There is information below on how to go about registering for the Living Kidney Donor Program at St. Paul’s Hospital in Vancouver. The beauty of this program is that you wouldn’t have to be a match with Morin in order to help him. Rather, you are able to register and should you prove after testing to be an eligible donor you could donate a kidney to someone else on the provision that Morin gets one from an unknown donor who is a match.

For example, that’s how my wife, Dorothy, got a kidney almost seven years ago. She had been doing PD for four years. Her best friend had wanted to donate a kidney to her but wasn’t a match. Through the Living Kidney Donor Program at St. Paul’s, she gave to someone else, while Dorothy received a kidney from a stranger.

If you are the least bit interested in being a donor, use the contact information listed here in order to learn all about it.

Should you choose to get in touch with the program at St. Paul’s, mention Louis Victor Morin.

——

If you are interested in being a living kidney donor, more information is available here:

Living Kidney Donor Program

St. Paul’s Hospital

6A Providence Building

1081 Burrard Street

Vancouver, BC V6Z 1Y6

Tel: 604-806-9027

Toll free: 1-877-922-9822

Fax: 604-806-9873

Email: donornurse@providencehealth.bc.ca

Or, for more information, visit right here.

——

Six months ago, actor Michael Teigen gave one of his kidneys to friend Stephen Gillis, a Vancouver minor hockey coach who was diagnosed with kidney disease after having lived with Crohn’s disease. Gillis was doing hemodialysis when he underwent the transplant in December. . . . He is doing well, extremely well, but what about Teigen? Well, here he is . . .

——

Ferris’s story continues with one more trek to Vancouver . . . Oh my, but she’s a trouper! . . . Can we find kidneys for her and others?

Ferris-061620-
Ferris Backmeyer, 3, is an Elmo fan. (Photo: Lindsey Backmeyer/Facebook)

Ferris Backmeyer, our favourite three-year-old, and her mother, Lindsey, spent a couple of days in Vancouver earlier this week. It was their first trip since the end of January; prior to that they had been there five times in four months.

As Lindsey put it in a Facebook post, the lack of travel has been the family’s “COVID silver lining.”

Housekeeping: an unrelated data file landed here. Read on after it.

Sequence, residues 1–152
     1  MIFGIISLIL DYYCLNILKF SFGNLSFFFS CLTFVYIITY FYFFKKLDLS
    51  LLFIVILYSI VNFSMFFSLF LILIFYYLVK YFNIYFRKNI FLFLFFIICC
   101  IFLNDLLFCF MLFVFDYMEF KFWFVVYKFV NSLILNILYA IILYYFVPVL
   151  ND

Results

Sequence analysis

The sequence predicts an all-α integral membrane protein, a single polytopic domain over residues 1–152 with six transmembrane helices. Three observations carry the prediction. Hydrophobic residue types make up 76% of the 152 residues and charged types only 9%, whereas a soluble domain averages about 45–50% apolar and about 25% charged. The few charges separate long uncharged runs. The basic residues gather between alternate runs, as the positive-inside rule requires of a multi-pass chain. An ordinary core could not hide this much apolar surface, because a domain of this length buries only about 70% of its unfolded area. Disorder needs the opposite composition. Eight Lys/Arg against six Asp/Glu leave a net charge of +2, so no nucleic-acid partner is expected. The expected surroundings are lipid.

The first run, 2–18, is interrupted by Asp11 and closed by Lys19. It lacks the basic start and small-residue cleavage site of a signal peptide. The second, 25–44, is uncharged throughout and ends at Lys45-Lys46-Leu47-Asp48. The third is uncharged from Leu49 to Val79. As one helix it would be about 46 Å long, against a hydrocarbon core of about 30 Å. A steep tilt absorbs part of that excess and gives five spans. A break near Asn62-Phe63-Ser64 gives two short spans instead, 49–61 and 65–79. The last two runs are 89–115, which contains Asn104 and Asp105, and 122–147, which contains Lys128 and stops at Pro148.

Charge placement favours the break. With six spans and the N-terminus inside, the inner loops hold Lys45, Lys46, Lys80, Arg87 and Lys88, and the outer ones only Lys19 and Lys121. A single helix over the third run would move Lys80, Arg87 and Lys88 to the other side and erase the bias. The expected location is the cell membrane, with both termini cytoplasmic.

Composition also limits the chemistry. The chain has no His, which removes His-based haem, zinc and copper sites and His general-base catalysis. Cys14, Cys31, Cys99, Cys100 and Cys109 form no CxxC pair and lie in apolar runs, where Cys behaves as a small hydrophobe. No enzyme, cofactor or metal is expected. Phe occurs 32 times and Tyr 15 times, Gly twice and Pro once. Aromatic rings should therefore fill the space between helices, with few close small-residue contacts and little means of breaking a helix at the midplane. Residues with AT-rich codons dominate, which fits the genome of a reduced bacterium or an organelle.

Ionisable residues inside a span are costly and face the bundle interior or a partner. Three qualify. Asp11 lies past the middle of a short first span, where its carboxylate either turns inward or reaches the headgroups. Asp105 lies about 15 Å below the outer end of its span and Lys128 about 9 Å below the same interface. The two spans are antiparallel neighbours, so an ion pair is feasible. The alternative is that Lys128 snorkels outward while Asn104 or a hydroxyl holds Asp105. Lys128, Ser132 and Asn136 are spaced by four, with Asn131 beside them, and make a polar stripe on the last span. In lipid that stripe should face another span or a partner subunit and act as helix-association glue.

Shortly after birth, Ferris was diagnosed with Mainzer-Saldino syndrome, a disorder that impacts the kidneys, liver and eyes, and causes skeletal abnormalities.

She has been doing peritoneal dialysis (PD) since she was 14 months old, and now is on the active list as we try to find a donor — preferably a smaller adult — for a kidney transplant.

After their most recent trek to Vancouver, Lindsey posted an update on her Facebook page that I have edited for size:

“Ferris amazes me at how tolerant she is of medical appointments and procedures,” Lindsey writes. “We had nine hours worth of appointments in two days. So much of it is an adventure for her, especially since COVID — a major outing where everyone just oogles over how cute she is.

“She mostly has a ‘just do whatever you need to do’ attitude for ultrasounds, ecg’s, physical exams, vitals. Puts on the bravest face for needles and has been mostly getting through without any tears.”

However, it seems Ferris has thing about having her height measured . . . unless it’s at home.

“It’s like the biggest, most insane meltdown every single time,” Lindsey writes. “Exhausting. I’m certain I get the most accurate heights at home because she loves having her height measured at home! lol”

Lindsey writes that the trip was mostly uneventful.

“Renal management has been a little extra to manage lately — as in talking to them on the phone and by email every weekday for the past couple of weeks. It’s been a concern of mine that maybe they are thinking dialysis isn’t working very well. We’ve had a few episodes lately of inadequate fluid removal. They confirmed that it’s something that’s on the radar but we are seemingly back on track for now.

“They also assured me we won’t just treat numbers and we will go with how she’s feeling and she has been having some great days! However, only a few days of dialysis not working and she wouldn’t feel good at all. Everyone’s just got their fingers and toes crossed that PD will continue to work for her until she gets transplanted.”

Of course, Ferris has other issues than her kidneys, and vision is one of them.

“Ferris has retinal dystrophy and her vision is affected,” Lindsey writes. “So far we see difficulties in dim light and blindness in the dark. Her peripheral vision is also affected. That’s what we are observing, although I’m guessing with how adaptable she is, it’s probably worse than we even think. . . . I would say she definitely can see pretty well for the most part but we definitely can see some visual disability. . . . They have decided we should try glasses…so that’s up next!”

Lindsey also noted that they “met with anesthesia as well (for) a pre-transplant assessment. . . . He helped affirm my feelings that while she has risk factors, she’s been doing so well in a lot of ways. She handled anesthesia fine before, her heart is in better shape now, lungs are doing great, liver has chilled out with medication . . . no reason to believe she won’t have a successful kidney transplant!”